How to Compost 101: A Beginner's Guide

Bev Feldman
June 1, 2017

Families that compost together stick together! If you're thinking about composting but don't know how to get started, here are some basics.

 

 

Learning how to compost may seem like it would require a lot of work, but it's actually quite easy. Composting isn't difficult, and you don't have to worry about it smelling up your home or making a big mess, the experts say. Plus, the process is a great learning experience for your kids.

"Kids are very passionate about taking care of the environment," explains Stacey Antine, founder of HealthBarn USA, who's been teaching kids to compost for more than 10 years. "Composting is one way that they can do it." If you or your nanny show enthusiasm for composting, your kids will be excited to do it with you.


How to Compost
First, you need to decide if you want to do composting with or without worms. Ashley Wolff, illustrator of the children's book "Compost Stew," has been composting for more than 15 years. She recommends worm composting for families, calling it easy and gratifying. You'll need a special type of worm called Red Wigglers, along with a bin, she says. Both can be purchased online or at your local gardening store.

Wolff and Antine both recommend a large durable plastic storage bin with a lid. Drill small air holes for the worms in the lid and at the bin's bottom. Then start layering, with brown matter a few inches thick on the bottom. You can use shredded newspaper, ripped cardboard egg cartons, towel rolls, pieces of cereal boxes or dry leaves. Wet that layer a little and "fluff it up," Wolff instructs.

On top of that, put a layer of kitchen food scraps and then the worms. Keep alternating the brown layers with the food scraps and worms, finishing with a brown layer on top, with a few inches of space remaining. Put the lid on firmly. Make sure that the layers are moist so that the worms do not dry out but are also not drowning in too much water. This bin can be either placed outside in a shady part of your yard or inside on something to catch any of the liquid that oozes out.

In the winter, be sure to bring the bin inside so that the worms don't freeze. This compost has very little smell (unless you overload it with food scraps), so you don't have to worry about it stinking up your home. Wolff explains, you don't really have to worry about the worms getting out because they want to stay near the compost. This process takes about three to four months and doesn't require much effort on your part.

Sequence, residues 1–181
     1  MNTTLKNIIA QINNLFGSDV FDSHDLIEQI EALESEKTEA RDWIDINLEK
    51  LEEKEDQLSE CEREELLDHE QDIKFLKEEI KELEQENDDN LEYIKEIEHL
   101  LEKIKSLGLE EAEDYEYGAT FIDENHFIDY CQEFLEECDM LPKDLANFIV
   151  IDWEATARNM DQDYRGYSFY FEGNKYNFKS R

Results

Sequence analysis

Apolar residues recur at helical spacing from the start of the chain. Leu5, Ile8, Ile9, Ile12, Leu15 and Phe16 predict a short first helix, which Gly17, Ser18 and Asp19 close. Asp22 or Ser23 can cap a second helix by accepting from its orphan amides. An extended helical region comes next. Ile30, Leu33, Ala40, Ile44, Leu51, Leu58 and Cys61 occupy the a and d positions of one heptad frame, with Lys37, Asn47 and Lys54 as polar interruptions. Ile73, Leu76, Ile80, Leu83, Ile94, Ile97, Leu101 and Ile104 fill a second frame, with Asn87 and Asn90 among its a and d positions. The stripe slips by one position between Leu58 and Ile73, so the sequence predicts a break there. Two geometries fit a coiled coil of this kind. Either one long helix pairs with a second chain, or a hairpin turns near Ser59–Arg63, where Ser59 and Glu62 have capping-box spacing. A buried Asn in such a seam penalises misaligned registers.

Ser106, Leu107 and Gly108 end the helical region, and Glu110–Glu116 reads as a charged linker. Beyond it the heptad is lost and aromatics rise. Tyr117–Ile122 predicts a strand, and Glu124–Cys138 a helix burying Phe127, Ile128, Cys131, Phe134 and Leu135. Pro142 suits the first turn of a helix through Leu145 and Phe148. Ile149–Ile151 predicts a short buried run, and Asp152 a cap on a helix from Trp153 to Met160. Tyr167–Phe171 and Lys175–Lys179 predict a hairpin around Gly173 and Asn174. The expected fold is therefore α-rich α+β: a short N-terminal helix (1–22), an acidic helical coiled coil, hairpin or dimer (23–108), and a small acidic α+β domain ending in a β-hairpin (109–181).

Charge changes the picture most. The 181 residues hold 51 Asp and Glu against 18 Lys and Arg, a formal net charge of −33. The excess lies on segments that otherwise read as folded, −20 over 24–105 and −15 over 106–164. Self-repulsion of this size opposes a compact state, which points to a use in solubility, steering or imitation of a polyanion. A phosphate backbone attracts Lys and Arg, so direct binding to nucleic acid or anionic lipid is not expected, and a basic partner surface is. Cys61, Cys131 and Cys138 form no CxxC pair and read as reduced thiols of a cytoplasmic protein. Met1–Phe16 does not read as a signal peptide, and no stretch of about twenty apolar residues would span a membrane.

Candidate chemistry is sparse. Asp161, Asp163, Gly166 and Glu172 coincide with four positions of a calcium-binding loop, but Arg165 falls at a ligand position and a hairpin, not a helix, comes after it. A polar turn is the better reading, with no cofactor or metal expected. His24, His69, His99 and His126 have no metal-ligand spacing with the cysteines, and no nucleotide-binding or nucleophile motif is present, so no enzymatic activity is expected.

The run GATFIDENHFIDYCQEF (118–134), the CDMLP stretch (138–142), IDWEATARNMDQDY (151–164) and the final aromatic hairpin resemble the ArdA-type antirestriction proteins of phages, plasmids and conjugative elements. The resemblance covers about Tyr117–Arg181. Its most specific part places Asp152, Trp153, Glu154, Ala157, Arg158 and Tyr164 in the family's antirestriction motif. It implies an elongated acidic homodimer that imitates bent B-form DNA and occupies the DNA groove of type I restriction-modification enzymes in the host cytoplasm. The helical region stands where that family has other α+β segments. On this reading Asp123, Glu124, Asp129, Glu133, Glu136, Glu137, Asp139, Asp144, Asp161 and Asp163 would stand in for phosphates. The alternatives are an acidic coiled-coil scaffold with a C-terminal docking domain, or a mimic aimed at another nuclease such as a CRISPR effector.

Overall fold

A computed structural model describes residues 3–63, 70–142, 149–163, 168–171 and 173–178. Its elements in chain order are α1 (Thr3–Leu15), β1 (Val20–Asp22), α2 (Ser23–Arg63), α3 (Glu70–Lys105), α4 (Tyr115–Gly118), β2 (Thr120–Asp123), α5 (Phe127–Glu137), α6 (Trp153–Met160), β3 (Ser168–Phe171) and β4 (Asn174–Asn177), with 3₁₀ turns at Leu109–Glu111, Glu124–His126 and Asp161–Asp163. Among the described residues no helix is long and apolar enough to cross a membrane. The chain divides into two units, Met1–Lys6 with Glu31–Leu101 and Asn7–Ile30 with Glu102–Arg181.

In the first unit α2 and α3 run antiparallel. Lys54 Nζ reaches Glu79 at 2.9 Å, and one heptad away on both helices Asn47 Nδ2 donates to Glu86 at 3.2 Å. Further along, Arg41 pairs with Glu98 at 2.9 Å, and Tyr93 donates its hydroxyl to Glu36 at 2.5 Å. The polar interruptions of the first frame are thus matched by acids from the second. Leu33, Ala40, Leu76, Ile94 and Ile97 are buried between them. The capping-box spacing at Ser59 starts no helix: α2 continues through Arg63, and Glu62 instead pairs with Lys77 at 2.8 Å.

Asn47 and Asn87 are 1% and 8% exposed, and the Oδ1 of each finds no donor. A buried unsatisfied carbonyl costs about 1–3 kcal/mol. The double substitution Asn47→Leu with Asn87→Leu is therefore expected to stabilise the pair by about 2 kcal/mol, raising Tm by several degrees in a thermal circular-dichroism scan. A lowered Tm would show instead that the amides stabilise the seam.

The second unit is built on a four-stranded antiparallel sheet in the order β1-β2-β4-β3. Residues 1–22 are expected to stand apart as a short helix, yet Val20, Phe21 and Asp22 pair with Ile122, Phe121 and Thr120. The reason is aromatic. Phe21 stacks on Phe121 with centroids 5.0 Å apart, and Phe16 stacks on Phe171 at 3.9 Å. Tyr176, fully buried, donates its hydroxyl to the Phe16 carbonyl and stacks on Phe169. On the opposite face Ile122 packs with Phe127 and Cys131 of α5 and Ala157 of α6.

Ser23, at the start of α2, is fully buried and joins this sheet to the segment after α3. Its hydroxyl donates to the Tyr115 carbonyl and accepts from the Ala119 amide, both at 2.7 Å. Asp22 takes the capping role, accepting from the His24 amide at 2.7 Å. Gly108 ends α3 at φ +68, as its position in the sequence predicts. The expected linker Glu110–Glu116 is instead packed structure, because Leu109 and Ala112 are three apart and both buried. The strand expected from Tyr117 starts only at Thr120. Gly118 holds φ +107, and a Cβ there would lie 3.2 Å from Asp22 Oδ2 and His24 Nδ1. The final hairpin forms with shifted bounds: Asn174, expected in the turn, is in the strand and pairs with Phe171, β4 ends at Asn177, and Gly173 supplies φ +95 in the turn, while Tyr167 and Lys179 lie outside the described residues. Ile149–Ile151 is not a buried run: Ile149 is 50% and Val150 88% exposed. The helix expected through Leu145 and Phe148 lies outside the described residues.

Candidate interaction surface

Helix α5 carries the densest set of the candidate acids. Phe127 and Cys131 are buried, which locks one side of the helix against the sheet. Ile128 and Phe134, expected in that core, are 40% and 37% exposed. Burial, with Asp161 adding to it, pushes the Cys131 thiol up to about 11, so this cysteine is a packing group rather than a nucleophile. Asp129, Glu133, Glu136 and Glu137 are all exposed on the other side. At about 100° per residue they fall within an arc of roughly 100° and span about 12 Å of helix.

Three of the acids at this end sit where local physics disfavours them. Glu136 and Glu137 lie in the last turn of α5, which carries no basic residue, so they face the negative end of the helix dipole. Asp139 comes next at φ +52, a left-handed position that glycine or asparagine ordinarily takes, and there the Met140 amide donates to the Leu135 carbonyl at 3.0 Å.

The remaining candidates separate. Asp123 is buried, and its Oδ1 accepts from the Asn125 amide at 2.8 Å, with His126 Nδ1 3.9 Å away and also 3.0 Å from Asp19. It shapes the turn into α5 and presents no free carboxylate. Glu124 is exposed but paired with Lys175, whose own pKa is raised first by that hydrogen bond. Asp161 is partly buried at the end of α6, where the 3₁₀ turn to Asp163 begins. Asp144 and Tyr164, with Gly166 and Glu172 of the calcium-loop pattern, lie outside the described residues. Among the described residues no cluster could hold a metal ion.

If you opt to do composting without worms, do that outside. Antine explains that you can either dig a hole directly in the ground or do it in a bin. You don't necessarily need to buy a specialized bin for this, but you'll need to turn the compost by hand with a pitchfork. If you're worried about it attracting animals, Wolff recommends putting chicken wire around it.

Alternatively, you can buy a specialized rotating barrel compost bin, which is what Amanda Hearn, author of the blog The Eco-Friendly Family, does with her family. Outdoor composting should be done in a sunny area. Similar to composting with worms, you'll want to alternate layers of brown matter with food scraps and will need to turn the layers periodically. If using a rotating barrel bin, Hearn recommends checking the hardware that comes with it. If it is plastic, you might want to buy something more durable. After you start your first compost pile, then you can start on pile number two. Eventually, your first pile will be ready to use in the garden and your second pile will be ready when your first one runs out.

Things to Compost:
 

  • Fruit and vegetable scraps
  • Peels -- cut down to smaller pieces
  • Egg shells
  • Newspaper or paper
  • Sawdust
  • Cardboard
  • Dry leaves
  • Small sticks


What You Cannot Compost:
 

  • Meat
  • Dairy products
  • Oils
  • Fish
     

Involving your children can be really easy. Hearn has her children help dump the food scraps into the compost pile. Then when it's time to use the compost, she gets them involved by having them scoop it out. This way they'll see the whole process from start to finish.

Want more eco-friendly tips? Learn about Recycling for Kids.

Bev Feldman is a Boston-area blogger and mom with a background in education and an interest in gardening.

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